More detail on local forms so you don't think I'm making them up. One is the local version of the purchase card request form (since I am not personally a card holder). The other is the description of the item, why it's needed, and why it's only available from a particular source. That last part (sole source) is optional for something like a cable that is available from multiple sources.
Well, I'm glad things are that easy in your world, I really am. Let me show you a bit more about mine. Checkout:
See the etc. in item 3(E), that's where my cable falls.
See the ITPR in section 4. That stands for Information Technology Procurement Request. That's the 14 page document I mentioned. The other 2 are local to my command. If some reforms would get us closer to what you describe I'd be much happier.
As a federal worker I can tell you that trying to buy something for government use is an extremely byzantine process. An example, if I need to buy a monitor cable, I have to fill out 3 forms (one of them is 14 pages), get four _independent_ approvals, quotes (yes... quotes for a monitor cable), and then follow the documents to make sure nothing gets messed-up along the way. I have to do this for _any_ piece of equipment that is in any way related to information technology. I don't want to describe the process for anything requiring a contract and I can't imagine the amount of work that went into writing the requirements document for a project involving 55 (55!) contracting agencies. The REAL PROBLEM here is the desperate need for contract and purchasing reform in the federal government.
Newell said "... 2 to 3
Consider a different explanation of the results. Adjuncts are contracted and likely need good student opinion forms to be re-contracted. That's a big incentive to make a class easy (hence the good grades) and fun (hence the desire for other classes from the same prof.), but not necessarily rigorous and worthwhile. It's really easy to make a class fun and simple and a total waste of time. Much more difficult (but not impossible) to make a class fun, worthwhile, and still simple. I'm speaking from experience as a prior adjunct and now a tenured professor.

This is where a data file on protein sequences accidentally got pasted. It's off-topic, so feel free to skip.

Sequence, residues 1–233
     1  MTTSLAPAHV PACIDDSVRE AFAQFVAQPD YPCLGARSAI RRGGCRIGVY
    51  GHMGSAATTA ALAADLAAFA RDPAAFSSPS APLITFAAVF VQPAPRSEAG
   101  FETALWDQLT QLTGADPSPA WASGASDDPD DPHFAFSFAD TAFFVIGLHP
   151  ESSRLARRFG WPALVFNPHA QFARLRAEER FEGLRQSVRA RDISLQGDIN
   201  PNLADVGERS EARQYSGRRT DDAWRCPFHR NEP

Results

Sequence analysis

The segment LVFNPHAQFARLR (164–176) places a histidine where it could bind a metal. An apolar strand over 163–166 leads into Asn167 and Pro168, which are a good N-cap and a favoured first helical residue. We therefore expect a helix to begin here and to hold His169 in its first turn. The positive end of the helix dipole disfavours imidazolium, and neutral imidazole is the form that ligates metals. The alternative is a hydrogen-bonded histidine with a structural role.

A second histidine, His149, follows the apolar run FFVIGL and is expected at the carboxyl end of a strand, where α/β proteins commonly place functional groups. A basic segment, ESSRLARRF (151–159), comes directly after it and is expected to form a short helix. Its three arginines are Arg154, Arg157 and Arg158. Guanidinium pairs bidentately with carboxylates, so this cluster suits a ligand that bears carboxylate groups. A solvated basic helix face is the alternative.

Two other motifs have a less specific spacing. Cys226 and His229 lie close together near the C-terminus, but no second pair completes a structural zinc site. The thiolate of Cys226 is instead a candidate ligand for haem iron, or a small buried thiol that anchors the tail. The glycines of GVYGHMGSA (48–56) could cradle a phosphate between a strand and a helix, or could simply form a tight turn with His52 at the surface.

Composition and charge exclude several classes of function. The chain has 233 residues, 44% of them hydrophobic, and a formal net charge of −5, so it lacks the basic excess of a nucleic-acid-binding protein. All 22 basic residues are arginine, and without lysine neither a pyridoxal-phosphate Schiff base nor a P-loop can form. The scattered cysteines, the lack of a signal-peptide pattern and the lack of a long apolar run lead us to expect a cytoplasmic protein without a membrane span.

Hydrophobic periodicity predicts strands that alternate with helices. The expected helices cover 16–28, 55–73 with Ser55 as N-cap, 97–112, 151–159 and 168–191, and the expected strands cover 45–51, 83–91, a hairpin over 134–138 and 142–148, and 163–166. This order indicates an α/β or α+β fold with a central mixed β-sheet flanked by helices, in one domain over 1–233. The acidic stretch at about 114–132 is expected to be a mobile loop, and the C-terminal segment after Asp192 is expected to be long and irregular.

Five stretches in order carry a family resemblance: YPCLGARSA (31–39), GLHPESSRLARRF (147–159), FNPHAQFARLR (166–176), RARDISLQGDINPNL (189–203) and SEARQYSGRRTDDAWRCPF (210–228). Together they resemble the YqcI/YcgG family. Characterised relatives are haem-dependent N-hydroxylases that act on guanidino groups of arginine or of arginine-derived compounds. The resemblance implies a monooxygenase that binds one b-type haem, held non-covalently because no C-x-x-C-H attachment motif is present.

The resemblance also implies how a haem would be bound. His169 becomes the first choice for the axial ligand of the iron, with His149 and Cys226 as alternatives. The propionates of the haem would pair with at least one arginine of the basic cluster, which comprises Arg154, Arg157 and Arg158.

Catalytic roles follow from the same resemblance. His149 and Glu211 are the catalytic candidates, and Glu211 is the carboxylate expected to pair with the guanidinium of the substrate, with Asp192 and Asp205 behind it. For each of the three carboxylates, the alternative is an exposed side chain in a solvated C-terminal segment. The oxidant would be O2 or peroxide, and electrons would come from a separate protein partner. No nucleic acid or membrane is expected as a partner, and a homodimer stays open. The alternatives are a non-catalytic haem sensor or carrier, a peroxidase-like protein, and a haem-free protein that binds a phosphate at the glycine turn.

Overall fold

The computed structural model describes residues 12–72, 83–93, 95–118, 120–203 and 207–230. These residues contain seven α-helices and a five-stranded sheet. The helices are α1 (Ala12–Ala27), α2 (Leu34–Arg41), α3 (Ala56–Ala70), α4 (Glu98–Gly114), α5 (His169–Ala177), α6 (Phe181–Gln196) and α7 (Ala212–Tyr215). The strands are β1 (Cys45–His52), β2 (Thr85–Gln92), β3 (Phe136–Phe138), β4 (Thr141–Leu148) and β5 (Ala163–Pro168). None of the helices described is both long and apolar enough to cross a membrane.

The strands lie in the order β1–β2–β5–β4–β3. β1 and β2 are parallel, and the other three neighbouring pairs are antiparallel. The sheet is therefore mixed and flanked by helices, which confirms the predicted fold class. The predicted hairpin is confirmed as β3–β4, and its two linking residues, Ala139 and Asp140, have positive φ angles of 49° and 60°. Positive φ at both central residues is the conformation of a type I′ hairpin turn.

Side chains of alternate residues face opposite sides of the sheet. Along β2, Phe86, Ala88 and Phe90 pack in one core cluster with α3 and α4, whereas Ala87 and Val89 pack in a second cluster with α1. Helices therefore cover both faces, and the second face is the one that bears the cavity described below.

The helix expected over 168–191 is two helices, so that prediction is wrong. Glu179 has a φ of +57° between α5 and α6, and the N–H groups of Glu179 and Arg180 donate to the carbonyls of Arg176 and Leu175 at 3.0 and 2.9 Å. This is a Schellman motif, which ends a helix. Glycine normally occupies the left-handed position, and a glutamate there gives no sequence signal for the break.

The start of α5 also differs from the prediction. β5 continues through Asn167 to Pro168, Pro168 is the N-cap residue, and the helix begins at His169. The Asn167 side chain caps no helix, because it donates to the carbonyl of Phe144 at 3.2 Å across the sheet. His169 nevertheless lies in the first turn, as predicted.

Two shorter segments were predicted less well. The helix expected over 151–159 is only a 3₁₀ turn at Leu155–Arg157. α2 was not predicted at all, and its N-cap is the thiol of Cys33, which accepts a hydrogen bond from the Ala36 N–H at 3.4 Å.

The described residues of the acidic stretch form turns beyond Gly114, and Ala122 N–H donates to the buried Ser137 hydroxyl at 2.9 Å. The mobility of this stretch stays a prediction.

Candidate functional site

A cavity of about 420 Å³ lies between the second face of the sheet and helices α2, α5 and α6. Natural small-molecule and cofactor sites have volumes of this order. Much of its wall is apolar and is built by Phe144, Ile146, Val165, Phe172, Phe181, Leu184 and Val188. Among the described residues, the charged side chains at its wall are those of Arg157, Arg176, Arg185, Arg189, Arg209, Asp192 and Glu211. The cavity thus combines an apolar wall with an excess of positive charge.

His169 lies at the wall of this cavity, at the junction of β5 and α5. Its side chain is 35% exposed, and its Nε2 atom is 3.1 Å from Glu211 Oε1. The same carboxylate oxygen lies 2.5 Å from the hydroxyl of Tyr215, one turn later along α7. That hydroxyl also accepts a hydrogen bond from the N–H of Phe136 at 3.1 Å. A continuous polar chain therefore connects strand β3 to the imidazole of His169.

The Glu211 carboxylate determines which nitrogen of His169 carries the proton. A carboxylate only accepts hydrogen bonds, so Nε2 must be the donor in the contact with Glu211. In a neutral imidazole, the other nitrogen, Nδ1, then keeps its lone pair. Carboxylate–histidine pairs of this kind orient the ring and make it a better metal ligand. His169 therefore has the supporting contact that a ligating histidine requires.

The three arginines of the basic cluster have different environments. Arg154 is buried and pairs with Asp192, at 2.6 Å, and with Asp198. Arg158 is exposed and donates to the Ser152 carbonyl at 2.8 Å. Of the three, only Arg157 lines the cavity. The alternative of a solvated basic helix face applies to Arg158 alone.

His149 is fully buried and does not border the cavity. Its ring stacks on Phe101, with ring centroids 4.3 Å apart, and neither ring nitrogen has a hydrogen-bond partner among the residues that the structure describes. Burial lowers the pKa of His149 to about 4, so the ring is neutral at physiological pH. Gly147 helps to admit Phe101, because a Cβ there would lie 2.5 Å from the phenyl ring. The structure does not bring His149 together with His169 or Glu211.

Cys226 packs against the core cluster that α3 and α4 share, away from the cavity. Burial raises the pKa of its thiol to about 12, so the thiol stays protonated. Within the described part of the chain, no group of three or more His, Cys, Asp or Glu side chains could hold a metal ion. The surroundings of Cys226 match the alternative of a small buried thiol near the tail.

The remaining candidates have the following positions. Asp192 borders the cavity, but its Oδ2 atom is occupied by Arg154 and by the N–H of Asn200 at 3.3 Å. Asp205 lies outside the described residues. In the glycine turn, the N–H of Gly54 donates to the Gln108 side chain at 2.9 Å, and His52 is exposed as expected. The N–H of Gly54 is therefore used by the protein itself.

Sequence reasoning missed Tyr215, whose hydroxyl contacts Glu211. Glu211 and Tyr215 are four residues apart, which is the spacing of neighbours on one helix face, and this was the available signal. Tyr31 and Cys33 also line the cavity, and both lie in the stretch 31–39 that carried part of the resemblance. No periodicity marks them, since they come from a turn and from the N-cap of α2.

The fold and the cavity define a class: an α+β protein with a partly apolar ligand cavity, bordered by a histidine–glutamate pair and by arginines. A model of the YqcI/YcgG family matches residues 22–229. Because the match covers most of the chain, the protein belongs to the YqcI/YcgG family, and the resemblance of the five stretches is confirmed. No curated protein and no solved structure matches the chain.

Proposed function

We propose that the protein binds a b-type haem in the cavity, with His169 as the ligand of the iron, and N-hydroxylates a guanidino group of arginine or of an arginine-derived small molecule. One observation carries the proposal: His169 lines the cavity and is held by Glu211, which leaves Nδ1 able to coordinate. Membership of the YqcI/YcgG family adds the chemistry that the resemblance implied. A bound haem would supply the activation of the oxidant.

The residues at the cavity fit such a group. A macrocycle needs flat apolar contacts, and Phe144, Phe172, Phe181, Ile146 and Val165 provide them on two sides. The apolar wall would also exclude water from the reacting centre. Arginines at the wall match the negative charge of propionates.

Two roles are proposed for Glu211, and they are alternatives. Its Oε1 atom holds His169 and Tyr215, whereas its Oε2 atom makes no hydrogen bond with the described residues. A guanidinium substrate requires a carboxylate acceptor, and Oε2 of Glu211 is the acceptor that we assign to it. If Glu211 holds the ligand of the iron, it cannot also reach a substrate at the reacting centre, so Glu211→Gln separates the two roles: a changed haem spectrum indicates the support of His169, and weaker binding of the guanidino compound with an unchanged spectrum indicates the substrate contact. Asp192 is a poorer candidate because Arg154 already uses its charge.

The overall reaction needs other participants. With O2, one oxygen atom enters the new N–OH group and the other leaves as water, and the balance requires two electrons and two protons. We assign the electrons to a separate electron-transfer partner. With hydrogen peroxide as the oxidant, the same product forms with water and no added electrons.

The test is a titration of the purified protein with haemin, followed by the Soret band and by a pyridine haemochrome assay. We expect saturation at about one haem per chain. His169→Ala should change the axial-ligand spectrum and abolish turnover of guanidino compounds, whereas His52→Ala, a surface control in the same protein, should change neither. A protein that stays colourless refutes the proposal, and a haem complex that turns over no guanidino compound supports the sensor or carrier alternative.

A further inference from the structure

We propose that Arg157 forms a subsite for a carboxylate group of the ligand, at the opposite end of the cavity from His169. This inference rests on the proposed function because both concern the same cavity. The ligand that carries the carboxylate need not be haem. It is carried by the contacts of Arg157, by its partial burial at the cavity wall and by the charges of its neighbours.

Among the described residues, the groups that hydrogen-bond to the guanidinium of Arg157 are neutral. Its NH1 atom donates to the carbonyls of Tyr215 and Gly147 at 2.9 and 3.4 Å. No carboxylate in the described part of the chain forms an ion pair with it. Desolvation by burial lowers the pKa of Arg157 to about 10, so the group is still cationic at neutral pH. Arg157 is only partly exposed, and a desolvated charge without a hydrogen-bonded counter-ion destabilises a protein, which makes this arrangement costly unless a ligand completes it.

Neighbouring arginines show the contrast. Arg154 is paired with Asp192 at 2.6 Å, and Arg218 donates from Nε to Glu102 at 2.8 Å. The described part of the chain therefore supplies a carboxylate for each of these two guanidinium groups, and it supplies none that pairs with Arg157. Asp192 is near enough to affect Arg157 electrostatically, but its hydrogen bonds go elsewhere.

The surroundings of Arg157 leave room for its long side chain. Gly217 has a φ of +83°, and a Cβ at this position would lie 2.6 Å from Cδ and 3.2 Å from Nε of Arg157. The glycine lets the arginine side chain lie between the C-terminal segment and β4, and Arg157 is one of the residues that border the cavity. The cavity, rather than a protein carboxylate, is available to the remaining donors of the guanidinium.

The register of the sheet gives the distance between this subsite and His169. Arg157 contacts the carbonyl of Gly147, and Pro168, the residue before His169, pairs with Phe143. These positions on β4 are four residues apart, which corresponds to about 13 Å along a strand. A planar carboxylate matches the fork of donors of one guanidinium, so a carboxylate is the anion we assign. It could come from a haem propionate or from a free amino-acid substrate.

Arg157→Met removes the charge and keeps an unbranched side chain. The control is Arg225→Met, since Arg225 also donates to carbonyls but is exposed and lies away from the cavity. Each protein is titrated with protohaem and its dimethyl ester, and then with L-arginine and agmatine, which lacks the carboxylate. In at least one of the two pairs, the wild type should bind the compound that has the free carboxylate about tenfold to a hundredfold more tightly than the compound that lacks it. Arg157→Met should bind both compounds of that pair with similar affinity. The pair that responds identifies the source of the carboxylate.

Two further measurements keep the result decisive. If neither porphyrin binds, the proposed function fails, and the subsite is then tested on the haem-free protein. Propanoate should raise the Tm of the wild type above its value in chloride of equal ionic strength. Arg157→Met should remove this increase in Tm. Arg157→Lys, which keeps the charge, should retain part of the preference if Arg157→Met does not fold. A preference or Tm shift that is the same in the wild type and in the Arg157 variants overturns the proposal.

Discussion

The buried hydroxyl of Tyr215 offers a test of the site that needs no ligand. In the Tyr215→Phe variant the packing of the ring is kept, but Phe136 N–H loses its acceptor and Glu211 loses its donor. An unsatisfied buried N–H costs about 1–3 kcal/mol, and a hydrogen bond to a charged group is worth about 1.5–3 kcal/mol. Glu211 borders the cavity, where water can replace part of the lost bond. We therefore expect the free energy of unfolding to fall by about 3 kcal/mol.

I want a microscope like the one in the picture in the article that researcher is using to "... examine in the lab the molecule they designed
What you really want are the cartogram maps (area proportional to population rather than geographical size). Have a look at:
especially the last 4 on the page.
Retractable with the smallest tip I've found that isn't felt. I've tried many different pens in 16 years of doing physics and this one beat them all so far.
It is controller, is it not?
it should be the "i-don't-want-to-go- _on_ -the cart" dept.
following in his grandfathers vootshteps, vootshteps, vootshteps!
you might want to start with a guide like "How to Write & Publish A Scientific Paper" by Robert Day (ISBN-13: 978-1573561655).
Then search for the appropriate journal. One suggestion is: GPS Solutions (published by Springer),
Manuscript submission instructions and forms at: http://www.springer.com/journal/10291/submission
Hope it works out for you!
The whole point of science is that no belief is required. Science is a method, a process by which we hope to learn something about reality. Nobody has to resort to believing anything, just look at the data. People can and will sometimes disagree about the correct interpretation of the data, but that's very different from "believing". As stated several times above by others, the real problem here is people who know little about the scientific process being very loud about their uninformed opinions.